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God's Politics


Julie Clendenin: Talking to Children About Tragedy

posted by gp_intern

Monday was a heavy day. That night, my family sat down for our usual routine – some quiet moments before dinner when we sit and pray together. My two younger daughters, ages 9 and 7, were in their places as their daddy began to pray, “God, we’re so grateful for all the good things you give us.” But this night, he included something else in our prayer. As he asked God to comfort the people and families affected by the students at Virginia Tech, the girls both looked up. “What happened?!?” they asked, almost in unison. My husband’s answer was short and simple: A young man was upset and confused and did something that is completely beyond our understanding. There is no way to know why he did what he did and it’s very sad that no one was able to stop him.

I guess I should mention that my children don’t watch TV news and that we often hide the front page of the paper in an effort to shield them from the shock of our daily news. We want to break things to them gently and remind them that God is alive and at work in this world despite all the hate and anger around us. I want them to know God’s touch first, so that they can manage the barrage of frightening events around them.

So, how do parents explain this kind of thing to their young children? We can’t. There are too many unanswerable questions. Who is this shooter? Why did he kill? Who could have, or should have, protected the young ones who are now lost? My daughters want to understand – and so do I. But we don’t.

The one mystery I can explain is this: God will be the comforter and the peacemaker in this kind of situation. We say it and we believe it, but this truth does not explain things and it doesn’t make events seem any more reasonable. I’m reminded of the ancient prayer: “O God, we do not know what to do, but our eyes are on you.”

Julie Clendenin works in the media department at Sojourners/Call to Renewal.



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Payshun

posted April 18, 2007 at 5:53 pm


God’s role as comforter in this time of grief is that of mourner. He is the ultimate wailer and the one person that can absorb all the pain and turn it into something great.The grief people feel from this he will share and keep calling out. He will heal but only thru the sharing, only thru the honesty, only thru the love. May he do it now. May he do it soon. p



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Cads

posted April 18, 2007 at 5:55 pm


Julie says that “God is alive and at work in this world despite all the hate and anger around us.” In “Letter to a Christian Nation”, Sam Harris writes: “If God exists, either He can do nothing to stop calamities or He doesn’t care to. Impotent or evil?” Or, like I’ve come to believe, perhaps God created the universe and we’re pretty much on our own. I’d like to believe that Julie is right, but I have my doubts. In looking for explanations, some say the devil is behind actions such as these, but the monotheist in me believes the devil can’t possibly exist. I’m searching for answers, and hope someone out there can give a plausible explanation as to why calamities happen if there’s truly a living God.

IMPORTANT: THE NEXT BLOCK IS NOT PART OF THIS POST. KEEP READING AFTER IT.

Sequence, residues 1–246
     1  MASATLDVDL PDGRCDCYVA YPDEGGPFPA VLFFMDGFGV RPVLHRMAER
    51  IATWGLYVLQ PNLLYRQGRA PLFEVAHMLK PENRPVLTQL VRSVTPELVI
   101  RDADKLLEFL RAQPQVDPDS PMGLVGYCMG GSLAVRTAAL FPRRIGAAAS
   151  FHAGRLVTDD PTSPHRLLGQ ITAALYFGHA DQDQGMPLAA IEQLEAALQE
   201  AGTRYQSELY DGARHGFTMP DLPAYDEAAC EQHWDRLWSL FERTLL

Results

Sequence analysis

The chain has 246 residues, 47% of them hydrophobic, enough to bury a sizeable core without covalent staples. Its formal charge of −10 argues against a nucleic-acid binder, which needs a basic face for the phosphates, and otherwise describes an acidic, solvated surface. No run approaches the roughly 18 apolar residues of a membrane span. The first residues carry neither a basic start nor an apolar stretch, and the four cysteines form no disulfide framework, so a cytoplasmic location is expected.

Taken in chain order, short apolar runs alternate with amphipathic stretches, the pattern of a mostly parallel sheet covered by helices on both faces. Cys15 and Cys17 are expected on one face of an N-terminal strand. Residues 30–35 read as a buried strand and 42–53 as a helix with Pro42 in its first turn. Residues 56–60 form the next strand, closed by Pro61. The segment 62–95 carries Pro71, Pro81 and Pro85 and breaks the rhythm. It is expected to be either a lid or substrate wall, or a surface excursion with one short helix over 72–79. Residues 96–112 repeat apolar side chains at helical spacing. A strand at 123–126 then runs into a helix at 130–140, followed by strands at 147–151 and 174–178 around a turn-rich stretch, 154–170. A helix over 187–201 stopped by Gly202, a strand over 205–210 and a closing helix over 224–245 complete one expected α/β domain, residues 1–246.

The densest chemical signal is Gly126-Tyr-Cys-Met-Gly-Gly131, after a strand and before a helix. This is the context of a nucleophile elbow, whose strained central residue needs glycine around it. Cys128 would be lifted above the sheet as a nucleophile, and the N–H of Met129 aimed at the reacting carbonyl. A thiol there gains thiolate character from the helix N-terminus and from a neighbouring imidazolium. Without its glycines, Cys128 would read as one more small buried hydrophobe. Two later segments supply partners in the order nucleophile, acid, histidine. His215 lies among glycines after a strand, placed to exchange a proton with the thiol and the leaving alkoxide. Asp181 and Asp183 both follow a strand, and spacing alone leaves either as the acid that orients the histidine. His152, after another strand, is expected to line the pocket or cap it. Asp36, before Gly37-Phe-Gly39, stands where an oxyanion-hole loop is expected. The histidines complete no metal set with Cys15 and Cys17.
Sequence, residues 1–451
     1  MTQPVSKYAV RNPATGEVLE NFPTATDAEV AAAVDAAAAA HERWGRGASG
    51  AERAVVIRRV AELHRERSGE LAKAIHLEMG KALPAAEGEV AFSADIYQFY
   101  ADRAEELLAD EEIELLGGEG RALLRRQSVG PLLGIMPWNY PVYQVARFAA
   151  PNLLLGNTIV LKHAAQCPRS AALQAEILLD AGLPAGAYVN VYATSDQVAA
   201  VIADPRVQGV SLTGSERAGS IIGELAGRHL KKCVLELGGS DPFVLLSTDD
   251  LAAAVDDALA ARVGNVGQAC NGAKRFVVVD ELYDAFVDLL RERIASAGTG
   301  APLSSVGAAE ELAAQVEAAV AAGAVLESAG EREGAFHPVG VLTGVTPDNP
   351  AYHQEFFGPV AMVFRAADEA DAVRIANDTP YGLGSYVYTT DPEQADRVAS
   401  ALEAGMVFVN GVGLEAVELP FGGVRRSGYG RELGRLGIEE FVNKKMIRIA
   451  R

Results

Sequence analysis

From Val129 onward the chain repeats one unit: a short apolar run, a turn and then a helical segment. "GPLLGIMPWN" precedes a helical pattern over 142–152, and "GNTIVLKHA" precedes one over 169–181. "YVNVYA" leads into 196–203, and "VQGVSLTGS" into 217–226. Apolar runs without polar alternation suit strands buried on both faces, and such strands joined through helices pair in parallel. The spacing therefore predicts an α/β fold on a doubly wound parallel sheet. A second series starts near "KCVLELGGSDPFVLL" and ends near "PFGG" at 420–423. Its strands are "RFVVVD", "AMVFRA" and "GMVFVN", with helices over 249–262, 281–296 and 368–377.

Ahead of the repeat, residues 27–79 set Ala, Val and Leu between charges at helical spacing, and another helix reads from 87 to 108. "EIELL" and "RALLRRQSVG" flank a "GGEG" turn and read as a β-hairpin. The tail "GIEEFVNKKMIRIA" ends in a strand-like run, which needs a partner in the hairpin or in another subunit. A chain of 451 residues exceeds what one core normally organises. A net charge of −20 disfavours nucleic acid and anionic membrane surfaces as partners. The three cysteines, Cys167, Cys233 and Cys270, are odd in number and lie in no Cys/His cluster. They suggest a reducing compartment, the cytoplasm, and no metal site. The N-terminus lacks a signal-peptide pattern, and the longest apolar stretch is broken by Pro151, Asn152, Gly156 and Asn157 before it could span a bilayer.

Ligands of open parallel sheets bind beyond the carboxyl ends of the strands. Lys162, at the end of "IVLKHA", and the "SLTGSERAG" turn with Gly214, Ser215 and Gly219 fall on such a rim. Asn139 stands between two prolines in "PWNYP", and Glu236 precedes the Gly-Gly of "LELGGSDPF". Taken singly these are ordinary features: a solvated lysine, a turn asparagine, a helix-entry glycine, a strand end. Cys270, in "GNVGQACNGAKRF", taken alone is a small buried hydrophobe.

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moderatelad

posted April 18, 2007 at 8:08 pm


I am concerned about the use of the term ‘tragedy’ and then talking about the shooter in the same sentence. It is a ‘tragedy’ for the families of the dead and wounded. The news people are couching it as ’33 dead’ no, it is 32 murdered, 1 dead. I believe that we do a diservice when we change the text so that it is more acceptable. There is great evil in the world and it needs to be identified. Now you can use the ‘alledged…’ so that they can not sue you. Not that you can not feel some compassion for the one doing the killing – it still is caused and motivated by great evil. Later – .



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neuro_nurse

posted April 18, 2007 at 8:18 pm


What would Sam Harris accept as evidence of the existence of God? Volumes have been written on the subject of why God allows us to suffer. I think most of us can think of a time when we suffered for no apparent reason, yet retrospectively realize that our suffering made us stronger or taught us something we needed to learn to be able to deal with future trials. Humans do not have the ability to see or understand God s perspective the real Big Picture. Sometimes the answers are not for us to know at least, not on this side of eternity.Sunday I went to the French Quarter Fest and just as I was getting ready to leave a man sat next to me and opened a conversation by telling me that people do not appreciate their blessings, a point with which I completely agreed. He told me that he was living on the street until he could go in to the hospital and have his leg amputated. He told me that he had met some well-meaning Christians who had offered to pray with him and assured him that God would make everything alright. Perhaps the reason God allows us to suffer or to witness suffering is so that the wise among us will realize our blessings and be grateful. Or perhaps He allows us to suffer so that we can empathize with others who are suffering. Perhaps the worst thing we can try to do is try to make sense of suffering. My bother-in-law is in a persistent vegetative state. My wife and her parents have on many occasions become frustrated with well-meaning Christians who offer their opinions as to why God would allow them to suffer. Sometimes the best we can do is just listen and express sympathy.



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Doug

posted April 18, 2007 at 9:27 pm


Cads: There are a few ways of looking at pain which largely make the beast comprehensible to me. It may not work for you, but for what it’s worth…C.S. Lewis writes (Problem of Pain): God whispers in our pleasures, but shouts in our pain. In other words, pain is God’s megaphone to get our attention. Once he has it, we are confronted with what our rebellion and selfishness has wrought in this fallen world. This is not the way things were meant to be, and pain is the opportunity for us to stand with people in the gap and minister to them. From a larger perspective, pain is what gives free will legitimacy. There has to be evil for good to exist. For if God went around mopping up after every mishap, then free will would be rather pointless. Just as parents know their children will never learn and mature if they do not bear the consequences of their mistakes. Finally, if all else fails, I think about the fact that God has suffered tremendously too, in the death of his son. God does not ask us to tread where he himself has not gone before.